Powered vehicles of almost any kind may be a thing of the past in the City of London.  Not because they will be banned, but because it will be nearly impossible to use them efficiently.

In light of the City’s desire to implement a scheme they call Vision Zero, the City is taking steps to limit speeds to 15 mph in London’s center.  According to a recent report, “The City Corporation has committed to eliminating death and serious injuries on the City’s streets by 2040.”

City of London Vision Zero

And they intend to do this by implementing four separate “themes,” including:


  • Streets – redesigning streets to reduce the likelihood and severity of collisions;
  • Speeds – reducing the speed of vehicles to decreases the likelihood of a collision and the severity of injury in the event of one;
  • Vehicles – promoting and championing measures to encourage the use of safer motor vehicles;
  • Behaviours – encouraging all users of the City’s streets to travel safely

I don’t think that many people would argue that making things safer is a terrible idea.  But you have to wonder about the way that the City of London is going about the development of that safety.

Redesigning streets to reduce the likelihood and severity of collisions seems like a good idea.  Better intersections, road markings, and visibility for road users all seem to be things that could help reduce the number of collisions and potentially their severity.  Good job, London.

“Safer speeds”

But in a single paragraph of their report, the City outlines what “safer speeds” really mean.

15 mph speed limit: A request for in principle support for a 15mph speed limit will shortly be submitted to the Secretary of State for Transport. If this is agreed, we will begin work on an experimental traffic order (ETO) to introduce a City-wide 15mph limit, with the aim of having this in place before the end of 2022.

Well, that’s a bit concerning, isn’t it?  A 15 mph speed limit?  For everything moving through the City?  Well, I guess that means Usain Bolt better not train in the City of London.  His 23.4 mph 100-meter sprint and top speed of 27.5 mph would be illegal.

But seriously, is a 15 mph speed limit practical or efficient?  If the proposed speed limit applies to all vehicles in the City of London, it’s going to be slow going on public transport.  If their public transport is limited to a 15 mph top speed, will they be able to move the millions of people they carry annually efficiently?

15 mph speed limit

Image credit: Home Depot

With increases in user fees, the City has been trying to reduce the number of vehicles that enter the city center.  This, along with the report’s cited roadway improvements, would seem to indicate that road speeds could be increased without increasing danger based on the safer roadways.

Efficient means?

Particularly in this era of COVID, does packing people into closed spaces for a longer period of time make sense?  At these slower rates of speed, will people even want to get onto public transport?

And if they don’t want to, all this plan will do is increase the number of road users that are the potential causes of collisions and injury.  If anything, this plan would seem destined to increase congestion, not reduce it.

City of London limit coming soon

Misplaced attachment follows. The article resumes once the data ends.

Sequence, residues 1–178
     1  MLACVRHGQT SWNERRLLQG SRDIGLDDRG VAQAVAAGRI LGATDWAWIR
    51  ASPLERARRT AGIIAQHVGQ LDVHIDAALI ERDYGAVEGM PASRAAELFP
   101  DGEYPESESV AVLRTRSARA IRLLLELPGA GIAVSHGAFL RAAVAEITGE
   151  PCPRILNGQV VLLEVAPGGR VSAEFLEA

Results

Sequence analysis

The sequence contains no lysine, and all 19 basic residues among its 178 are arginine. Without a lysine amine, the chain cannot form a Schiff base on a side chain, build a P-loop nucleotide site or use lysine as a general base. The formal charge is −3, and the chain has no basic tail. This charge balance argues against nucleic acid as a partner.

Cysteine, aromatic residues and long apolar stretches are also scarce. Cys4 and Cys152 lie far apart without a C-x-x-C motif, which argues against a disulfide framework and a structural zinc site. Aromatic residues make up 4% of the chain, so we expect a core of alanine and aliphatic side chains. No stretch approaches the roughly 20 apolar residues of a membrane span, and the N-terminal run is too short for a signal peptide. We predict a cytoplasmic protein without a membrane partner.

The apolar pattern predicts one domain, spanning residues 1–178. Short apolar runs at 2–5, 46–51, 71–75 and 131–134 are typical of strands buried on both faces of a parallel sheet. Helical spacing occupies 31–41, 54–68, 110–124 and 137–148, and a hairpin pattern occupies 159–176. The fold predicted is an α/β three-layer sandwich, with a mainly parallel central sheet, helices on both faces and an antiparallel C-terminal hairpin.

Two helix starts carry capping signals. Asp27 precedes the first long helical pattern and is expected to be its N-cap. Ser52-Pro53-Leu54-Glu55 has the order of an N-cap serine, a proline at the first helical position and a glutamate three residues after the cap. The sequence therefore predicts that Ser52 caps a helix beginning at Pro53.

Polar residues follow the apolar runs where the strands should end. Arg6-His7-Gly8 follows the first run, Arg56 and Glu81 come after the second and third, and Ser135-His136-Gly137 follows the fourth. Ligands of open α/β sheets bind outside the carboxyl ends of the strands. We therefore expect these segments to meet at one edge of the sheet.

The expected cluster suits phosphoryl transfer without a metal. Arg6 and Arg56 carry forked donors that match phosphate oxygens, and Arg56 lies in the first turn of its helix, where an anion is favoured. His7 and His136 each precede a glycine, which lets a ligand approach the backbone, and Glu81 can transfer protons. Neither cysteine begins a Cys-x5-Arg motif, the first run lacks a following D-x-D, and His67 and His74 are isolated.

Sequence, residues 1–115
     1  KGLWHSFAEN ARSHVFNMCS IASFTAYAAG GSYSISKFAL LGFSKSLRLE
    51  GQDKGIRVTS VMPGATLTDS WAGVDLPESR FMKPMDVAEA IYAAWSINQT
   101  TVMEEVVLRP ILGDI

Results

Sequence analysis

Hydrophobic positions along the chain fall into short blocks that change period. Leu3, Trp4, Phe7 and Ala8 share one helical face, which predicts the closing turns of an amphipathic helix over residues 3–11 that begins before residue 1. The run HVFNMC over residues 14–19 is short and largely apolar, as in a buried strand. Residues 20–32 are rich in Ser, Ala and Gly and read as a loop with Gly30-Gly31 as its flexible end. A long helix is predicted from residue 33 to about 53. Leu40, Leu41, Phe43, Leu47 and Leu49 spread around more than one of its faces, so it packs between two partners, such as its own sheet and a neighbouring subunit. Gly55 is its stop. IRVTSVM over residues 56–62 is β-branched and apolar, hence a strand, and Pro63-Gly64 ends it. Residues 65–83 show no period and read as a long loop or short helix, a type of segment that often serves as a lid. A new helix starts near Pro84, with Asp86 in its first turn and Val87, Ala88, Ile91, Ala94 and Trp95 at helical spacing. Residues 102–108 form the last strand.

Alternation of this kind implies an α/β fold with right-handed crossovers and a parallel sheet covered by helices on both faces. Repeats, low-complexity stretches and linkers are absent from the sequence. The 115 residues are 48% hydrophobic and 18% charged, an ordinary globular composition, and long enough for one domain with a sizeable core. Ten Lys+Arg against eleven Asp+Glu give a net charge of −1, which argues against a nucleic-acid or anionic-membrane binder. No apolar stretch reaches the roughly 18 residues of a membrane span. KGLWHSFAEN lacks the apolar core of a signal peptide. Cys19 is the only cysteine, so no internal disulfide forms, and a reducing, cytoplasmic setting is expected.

And if you think that the potential 15 mph speed limit is far off, you’d be wrong.  Based on the report’s wording, it’s clear that the City of London wants the regulation to be in place by the end of 2022.

The report clearly states:

If this is agreed, we will begin work on an experimental traffic order (ETO) to introduce a City-wide 15mph limit, with the aim of having this in place before the end of 2022.

So you can now see that the City is “dead serious” about implementing this new speed measure.  And while slower speeds can potentially reduce serious and slight injuries, the new measure can’t do much more for the number of fatalities in the City.

That’s because according to their data, in 2020, there were zero traffic fatalities in the City of London.  Now some of that may be attributable to reduced traffic in the City due to COVID.  But the previous years’ data shows a relatively low amount of fatal accidents and serious injuries.  See the table below from the City’s report:


According to the City of London’s report, the number of fatal accidents and serious injuries has been relatively steady since 2016.

Note: The City of London Police changed their reporting methodology in 2018, and the report says that this is the reason for the spike in serious injuries in 2018.

Not all bad?

Still, if you are the loved one of someone who dies in a traffic accident, these low figures won’t bring your loved one back.  There’s no disputing that.  But the question remains as to whether reducing London’s speed limit to 15 mph is the best way to save those lives.  And from my perspective, that’s quite debatable.

And you have to ask, how will London enforce the new law? For example, will they have traffic police pulling over people who are going 20 mph?  At that low speed, the opportunity to accidentally “speed” is quite significant.

Expanding the safer speed zone

Although this law will only apply to a portion of London, what’s to stop the government from expanding the zone in the name of safety?  It’s not difficult to imagine the government enlarging the area in the not too distant future.

So what do you think about London’s proposed 15 mph speed limit?  Is it a good idea whose time has come, or is it something else?  Let us know in the comments below.








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